FIG. 4 is a partial cross-sectional view of an alternative embodiment of the valve assembly of the present invention depicting a non-aseptic valve at full delivery;
FIG. 5 is a partial cross-sectional view of an alternative embodiment of the valve assembly of the present invention depicting an aseptic valve assembly;
FIG. 6 is a partial cross-sectional view of the closing bulb utilized in the valve assembly of FIG. 5;
FIG. 7 is a top end view of the closing bulb depicted in FIG. 6;
FIG. 8 is an elevated view of the tip pin utilized with the closing bulb depicted in FIG. 7;
FIG. 9 is a cross-sectional view of the sealing tip of the closing bulb depicted in FIG. 7;
FIG. 10 is an exploded partial cross-sectional view of the lower end of the valve assembly depicted in FIG. 5 showing a removable valve seat positioned on the valve assembly; and
FIG. 11 is a cross-sectional view of an alternative embodiment of the valve seat shown in FIG. 10.
Referring to FIGS. 1-3, the valve assembly 10 includes an outer casing or body 20 which has an upper casing 22 defining a first internal chamber 24 and a lower casing 26 defining a second internal chamber 28. A flow restrictor portion 30 is positioned between the first 24 and second 28 chambers.
The flow restrictor portion 30 is preferably formed independently of the upper 22 and lower 26 casings. When the flow restrictor portion 30 is independent of the upper 22 and lower 26 casings, it may be formed as an intermediate portion (as shown in FIG. 5) disposed between the upper 22 and lower 26 casings. Alternatively, as shown in FIGS. 1-3 the flow restrictor portion 30 may be integrally formed as part of the upper casing 22 of body 20 or may be integrally formed with the lower casing 26.
The flow restrictor portion 30 preferably extends inwardly from the outer wall of the body 20. The flow restrictor 30 forms a wall 31 at an end of the first chamber 24 and second chamber 28. The flow restrictor walls 31 preferably slope at an angle inwardly toward the adjacent chamber to define an inner portion 32 which is narrower than an outer portion. This slope may be at any angle below about 90°. Thus, it is not required of the invention that the flow restrictor 30 actually have slanting walls, although slanting walls are desirable to provide aerodynamic flow patterns through the first and second chambers (24, 28). A substantially cylindrical channel or aperture 34 is provided in the flow restrictor 30 adjacent the inner portion 32. The aperture 34 is preferably defined at the center of the flow restrictor 30 along longitudinal axis X--X.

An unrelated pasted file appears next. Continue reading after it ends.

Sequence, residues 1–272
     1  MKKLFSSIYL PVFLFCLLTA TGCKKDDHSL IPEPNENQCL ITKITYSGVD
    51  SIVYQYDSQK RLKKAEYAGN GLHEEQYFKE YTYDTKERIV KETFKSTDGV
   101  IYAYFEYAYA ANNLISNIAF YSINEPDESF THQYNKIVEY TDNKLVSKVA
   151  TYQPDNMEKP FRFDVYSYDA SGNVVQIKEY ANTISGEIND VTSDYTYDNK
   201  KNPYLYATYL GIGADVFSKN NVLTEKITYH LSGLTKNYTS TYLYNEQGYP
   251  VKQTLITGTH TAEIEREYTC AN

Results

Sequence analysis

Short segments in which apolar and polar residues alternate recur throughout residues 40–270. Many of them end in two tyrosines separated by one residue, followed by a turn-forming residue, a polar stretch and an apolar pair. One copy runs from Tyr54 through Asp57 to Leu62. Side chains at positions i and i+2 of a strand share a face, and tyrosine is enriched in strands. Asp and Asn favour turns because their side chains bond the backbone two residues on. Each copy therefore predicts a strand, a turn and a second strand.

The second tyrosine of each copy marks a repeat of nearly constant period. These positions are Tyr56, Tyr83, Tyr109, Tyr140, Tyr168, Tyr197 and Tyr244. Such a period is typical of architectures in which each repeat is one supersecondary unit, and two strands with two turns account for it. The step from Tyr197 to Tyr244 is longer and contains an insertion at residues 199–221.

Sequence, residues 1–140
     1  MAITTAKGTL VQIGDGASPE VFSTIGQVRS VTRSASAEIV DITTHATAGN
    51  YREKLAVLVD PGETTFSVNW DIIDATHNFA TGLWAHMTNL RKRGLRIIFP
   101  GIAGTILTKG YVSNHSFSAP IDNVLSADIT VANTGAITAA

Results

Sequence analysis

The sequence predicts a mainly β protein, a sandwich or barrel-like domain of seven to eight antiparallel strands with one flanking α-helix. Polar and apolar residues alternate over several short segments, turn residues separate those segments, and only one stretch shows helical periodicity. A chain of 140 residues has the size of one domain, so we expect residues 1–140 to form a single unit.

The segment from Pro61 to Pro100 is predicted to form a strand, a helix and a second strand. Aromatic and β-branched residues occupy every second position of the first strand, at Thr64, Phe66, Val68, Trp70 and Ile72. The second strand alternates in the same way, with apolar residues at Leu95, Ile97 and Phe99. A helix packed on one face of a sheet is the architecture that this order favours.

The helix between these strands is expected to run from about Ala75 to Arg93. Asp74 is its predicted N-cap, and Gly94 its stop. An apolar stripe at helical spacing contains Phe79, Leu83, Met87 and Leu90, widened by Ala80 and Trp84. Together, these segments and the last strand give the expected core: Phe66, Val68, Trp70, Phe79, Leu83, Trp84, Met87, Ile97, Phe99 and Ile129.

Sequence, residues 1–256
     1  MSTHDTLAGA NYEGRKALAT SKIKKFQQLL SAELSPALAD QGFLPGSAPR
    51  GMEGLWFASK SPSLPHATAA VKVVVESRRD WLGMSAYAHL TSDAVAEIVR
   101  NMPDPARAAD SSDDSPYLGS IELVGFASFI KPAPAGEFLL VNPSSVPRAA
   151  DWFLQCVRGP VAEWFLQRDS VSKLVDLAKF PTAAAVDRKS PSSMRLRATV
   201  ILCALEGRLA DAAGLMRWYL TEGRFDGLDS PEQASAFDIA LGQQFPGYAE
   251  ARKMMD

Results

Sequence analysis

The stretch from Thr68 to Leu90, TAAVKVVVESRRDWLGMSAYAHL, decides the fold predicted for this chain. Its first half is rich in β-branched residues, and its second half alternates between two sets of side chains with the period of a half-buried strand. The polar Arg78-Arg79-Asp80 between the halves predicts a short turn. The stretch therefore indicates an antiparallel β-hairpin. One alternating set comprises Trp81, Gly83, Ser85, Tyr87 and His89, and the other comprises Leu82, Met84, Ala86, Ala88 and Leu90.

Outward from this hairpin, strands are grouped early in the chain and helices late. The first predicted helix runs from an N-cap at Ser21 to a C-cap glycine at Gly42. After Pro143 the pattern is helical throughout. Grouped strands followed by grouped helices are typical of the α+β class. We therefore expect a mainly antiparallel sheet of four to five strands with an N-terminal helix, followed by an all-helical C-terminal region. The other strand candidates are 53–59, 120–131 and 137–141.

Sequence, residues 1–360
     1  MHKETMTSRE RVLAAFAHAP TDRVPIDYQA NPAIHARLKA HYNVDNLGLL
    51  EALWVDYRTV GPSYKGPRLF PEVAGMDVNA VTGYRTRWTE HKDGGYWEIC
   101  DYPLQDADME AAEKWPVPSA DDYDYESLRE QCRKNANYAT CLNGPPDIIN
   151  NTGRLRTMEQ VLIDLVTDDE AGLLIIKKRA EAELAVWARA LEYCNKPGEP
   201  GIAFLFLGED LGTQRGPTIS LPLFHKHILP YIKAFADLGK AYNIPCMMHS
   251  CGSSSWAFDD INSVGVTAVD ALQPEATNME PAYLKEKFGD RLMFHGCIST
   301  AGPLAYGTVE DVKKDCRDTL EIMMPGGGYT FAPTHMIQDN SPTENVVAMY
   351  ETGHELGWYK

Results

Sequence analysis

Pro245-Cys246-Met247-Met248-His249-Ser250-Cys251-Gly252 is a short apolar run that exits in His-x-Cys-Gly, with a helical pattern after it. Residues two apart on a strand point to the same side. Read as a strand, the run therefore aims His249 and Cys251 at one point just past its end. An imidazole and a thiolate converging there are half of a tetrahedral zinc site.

As will be discussed in greater detail below, the flow restrictor 30 works in conjunction with a profiled valve stem to halt the flow of a product from the first chamber 24 into the second chamber 28 after the profiled valve stem has traveled a short distance. This allows the tip of the valve stem to be closed under very low flow conditions, thereby preventing or significantly reducing the likelihood of splatter.
The upper casing 22 and lower casing 26 are preferably made of plastic or metal, or any other conventionally known material. Most preferably, the casings 22, 26 are made of 304 or 316 stainless steel. The upper and lower casings may be connected to each other in any conventionally known manner, such as by welding, adhesive, or the like. Most preferably, the upper and lower casings 22, 26 are clamped together.
An inlet conduit 40 is associated with the upper casing 22 for delivering a product flow to the first chamber 24. The inlet conduit 40 may be a pipe or tube, or any other type of conduit useful in delivering a product to a chamber. The inlet conduit 40 enters the first chamber 24 upstream of the flow restrictor portion 30. Flow entering the valve assembly 10 through inlet conduit 40 will generally be under pressure.
The term "upstream" is used herein to define the location of flow prior to the part being identified. The term "downstream" is used herein to define the location after the flow has passed by the part being identified. Thus, for example, for flow entering through the first chamber 24 and exiting from the second chamber 28, the first chamber 24 is defined as "upstream" of the second chamber 28 while the second chamber 28 is defined as "downstream" of the first chamber 24.
As is shown in FIG. 1, the upper and lower casings (22, 26) of the valve assembly 10 are preferably cylindrical and aligned on a common centrally defined longitudinal axis X--X to define generally cylindrical internal chambers. Each internal chamber has an internal diameter. For the embodiment shown in FIGS. 1-3, the first chamber 24 preferably has an internal diameter which is greater than the internal diameter of the second chamber 28, although this is not critical to the invention.